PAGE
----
Life with depression is precarious business.
It’s like living full-time in a minefield.
You never quite get comfortable with your surroundings, even when things seem quiet. You always move gingerly, knowing full well that any step could blow it all up and send you reeling again; a bit of bad news, a difficult moment, or worse seemingly nothing at all. And every single time something triggers the sadness and that inner detonation occurs, parts of you get ripped up and shredded—and losing a bit of yourself in this way never gets easier.
One of the things most people don’t understand is the way mental illness isolates you, how it forces you to the periphery of all of your relationships because you know how unstable the ground you walk on each day is and how quickly everything can get ugly. You desperately want to avoid the collateral damage to people you love, so you learn to keep them at a safe distance.
Yet ironically it’s this very self-inflicted solitude that is the often the perfect incubator for despair. Without the necessary fresh voices from those outside of your own head, you have complete freedom to stay there and to craft the most horrible, hopeless narrative for yourself at any given moment.
So often this violence is an inside job.
Like most people who suffer from chronic depression, over the years I’ve become an expert at self-deception. My mind can manipulate the data in front of me to construct an iron-clad case against myself without a trace of reasonable doubt. And it’s this brutal inner trial that makes helping from the outside so difficult, because you’ve got to rescue me from me(and I can be a real bear to deal with).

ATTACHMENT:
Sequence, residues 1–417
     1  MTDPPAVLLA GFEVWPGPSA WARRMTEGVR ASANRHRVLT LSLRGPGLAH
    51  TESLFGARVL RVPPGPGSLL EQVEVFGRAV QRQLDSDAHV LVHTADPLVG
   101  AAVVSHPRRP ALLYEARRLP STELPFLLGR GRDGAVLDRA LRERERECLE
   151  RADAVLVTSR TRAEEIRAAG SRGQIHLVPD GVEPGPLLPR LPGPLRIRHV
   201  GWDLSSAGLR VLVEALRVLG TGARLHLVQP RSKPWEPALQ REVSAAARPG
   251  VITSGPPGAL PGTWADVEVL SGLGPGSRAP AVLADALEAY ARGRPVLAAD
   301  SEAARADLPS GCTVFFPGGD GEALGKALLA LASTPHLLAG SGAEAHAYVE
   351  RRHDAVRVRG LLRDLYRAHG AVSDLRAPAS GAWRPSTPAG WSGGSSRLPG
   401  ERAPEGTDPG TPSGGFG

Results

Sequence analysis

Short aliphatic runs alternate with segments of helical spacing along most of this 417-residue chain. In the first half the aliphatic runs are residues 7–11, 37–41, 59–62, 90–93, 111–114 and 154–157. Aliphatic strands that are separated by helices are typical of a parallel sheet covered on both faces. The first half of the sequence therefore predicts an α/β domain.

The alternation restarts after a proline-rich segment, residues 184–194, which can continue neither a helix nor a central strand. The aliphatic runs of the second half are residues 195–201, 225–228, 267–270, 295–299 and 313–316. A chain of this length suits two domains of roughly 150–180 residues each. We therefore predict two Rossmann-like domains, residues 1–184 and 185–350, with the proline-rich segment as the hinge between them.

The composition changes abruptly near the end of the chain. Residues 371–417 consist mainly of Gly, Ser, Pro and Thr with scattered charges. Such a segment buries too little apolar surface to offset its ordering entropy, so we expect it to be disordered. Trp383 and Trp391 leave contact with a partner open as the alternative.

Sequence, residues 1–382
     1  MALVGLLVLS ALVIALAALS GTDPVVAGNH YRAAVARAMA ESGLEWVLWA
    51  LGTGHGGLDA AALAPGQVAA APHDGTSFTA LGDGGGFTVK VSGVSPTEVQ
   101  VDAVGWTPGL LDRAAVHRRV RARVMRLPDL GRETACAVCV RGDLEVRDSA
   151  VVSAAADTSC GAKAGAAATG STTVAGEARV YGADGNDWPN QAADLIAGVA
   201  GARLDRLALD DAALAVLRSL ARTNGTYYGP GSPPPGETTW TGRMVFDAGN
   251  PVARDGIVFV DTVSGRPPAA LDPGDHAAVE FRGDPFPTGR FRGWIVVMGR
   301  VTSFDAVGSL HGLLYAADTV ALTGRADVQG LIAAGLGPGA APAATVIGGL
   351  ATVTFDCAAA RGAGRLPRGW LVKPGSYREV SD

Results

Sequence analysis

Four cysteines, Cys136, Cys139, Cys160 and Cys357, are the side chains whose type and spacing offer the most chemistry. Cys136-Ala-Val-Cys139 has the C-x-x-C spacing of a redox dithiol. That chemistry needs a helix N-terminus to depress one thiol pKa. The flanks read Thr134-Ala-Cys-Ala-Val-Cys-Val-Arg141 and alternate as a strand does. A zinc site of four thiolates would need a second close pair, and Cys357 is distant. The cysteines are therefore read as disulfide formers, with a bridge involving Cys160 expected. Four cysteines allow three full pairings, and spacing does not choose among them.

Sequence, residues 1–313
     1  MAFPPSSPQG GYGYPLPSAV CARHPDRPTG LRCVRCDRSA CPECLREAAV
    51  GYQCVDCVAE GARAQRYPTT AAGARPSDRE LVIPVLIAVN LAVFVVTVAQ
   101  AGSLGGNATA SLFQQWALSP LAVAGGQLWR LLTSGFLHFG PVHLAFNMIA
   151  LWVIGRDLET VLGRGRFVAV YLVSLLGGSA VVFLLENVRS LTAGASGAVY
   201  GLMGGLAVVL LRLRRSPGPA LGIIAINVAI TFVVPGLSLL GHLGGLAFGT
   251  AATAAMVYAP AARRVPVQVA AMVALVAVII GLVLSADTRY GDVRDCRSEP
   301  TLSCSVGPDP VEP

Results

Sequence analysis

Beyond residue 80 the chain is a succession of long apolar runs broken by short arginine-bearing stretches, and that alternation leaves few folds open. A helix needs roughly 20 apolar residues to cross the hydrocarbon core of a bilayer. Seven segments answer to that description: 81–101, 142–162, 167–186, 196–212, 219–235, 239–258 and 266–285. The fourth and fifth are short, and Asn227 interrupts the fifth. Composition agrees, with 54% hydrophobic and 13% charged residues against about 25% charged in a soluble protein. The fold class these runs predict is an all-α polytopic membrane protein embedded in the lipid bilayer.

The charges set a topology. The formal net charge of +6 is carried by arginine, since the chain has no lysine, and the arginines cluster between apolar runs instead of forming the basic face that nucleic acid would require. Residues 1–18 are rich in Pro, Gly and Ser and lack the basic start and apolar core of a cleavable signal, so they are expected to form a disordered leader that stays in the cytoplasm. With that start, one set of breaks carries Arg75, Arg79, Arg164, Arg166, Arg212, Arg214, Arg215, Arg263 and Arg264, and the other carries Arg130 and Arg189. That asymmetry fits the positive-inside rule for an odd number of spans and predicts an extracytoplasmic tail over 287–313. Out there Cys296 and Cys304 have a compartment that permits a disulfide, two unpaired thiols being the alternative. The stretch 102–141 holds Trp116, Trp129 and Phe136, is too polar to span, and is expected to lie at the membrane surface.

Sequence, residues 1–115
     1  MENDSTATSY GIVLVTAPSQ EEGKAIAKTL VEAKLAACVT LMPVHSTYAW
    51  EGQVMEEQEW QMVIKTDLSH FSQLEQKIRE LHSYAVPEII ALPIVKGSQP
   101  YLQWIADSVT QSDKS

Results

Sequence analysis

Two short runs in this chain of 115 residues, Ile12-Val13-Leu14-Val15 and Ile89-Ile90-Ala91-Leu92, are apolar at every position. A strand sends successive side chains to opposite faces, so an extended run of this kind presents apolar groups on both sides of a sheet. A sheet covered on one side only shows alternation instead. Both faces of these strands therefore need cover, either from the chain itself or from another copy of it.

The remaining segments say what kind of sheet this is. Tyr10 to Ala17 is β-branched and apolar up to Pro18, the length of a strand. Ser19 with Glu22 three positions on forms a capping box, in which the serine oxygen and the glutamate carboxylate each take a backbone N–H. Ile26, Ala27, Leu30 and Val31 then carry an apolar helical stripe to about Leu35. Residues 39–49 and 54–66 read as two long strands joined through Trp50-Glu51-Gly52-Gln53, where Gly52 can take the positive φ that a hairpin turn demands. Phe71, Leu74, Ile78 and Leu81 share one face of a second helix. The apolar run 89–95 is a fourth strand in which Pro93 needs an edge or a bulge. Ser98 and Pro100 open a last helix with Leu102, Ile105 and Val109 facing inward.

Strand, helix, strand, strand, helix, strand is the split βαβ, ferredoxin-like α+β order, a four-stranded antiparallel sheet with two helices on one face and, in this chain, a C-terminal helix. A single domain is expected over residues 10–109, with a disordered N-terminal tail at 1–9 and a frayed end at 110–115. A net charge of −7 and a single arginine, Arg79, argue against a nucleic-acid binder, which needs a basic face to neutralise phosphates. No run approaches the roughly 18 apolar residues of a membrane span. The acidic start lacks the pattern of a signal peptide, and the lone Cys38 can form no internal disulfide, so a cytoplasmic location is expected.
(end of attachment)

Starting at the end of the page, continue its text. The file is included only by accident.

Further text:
Loving someone who struggles with depression is a costly investment. It’s hazard duty, plain and simple. It’s the brave and defiant act of heading directly into this dangerous head space and risking life and limb to get close to people when they least want you close and yet most need you to be. That proximity to another’s pain is as treacherous as it can be redemptive.
Chances are you love someone who struggles with severe depression or other forms of mental illness. I wanted to say thank you on behalf of them, as they may never be able to articulate these things to you. It’s often incredibly difficult to admit your flaws, especially when those flaws involve how you think and feel, and how you view the world and your place in it.
And the truth is, you may never get through to those you love.
You may say and do all the right things and still feel like it doesn’t matter. Despite all of your efforts and prayers and tears you may never be able to instill in people the hope you have for them and the goodness you see in them, but do not see that as defeat.
You can’t measure your care by the reception it receives. As is so often the case, the act of loving is itself the victory.
So thank you for stepping into the minefield over and over again to reach and rescue those of us who reside there.
It is a courageous and beautiful thing and not a moment of it is wasted.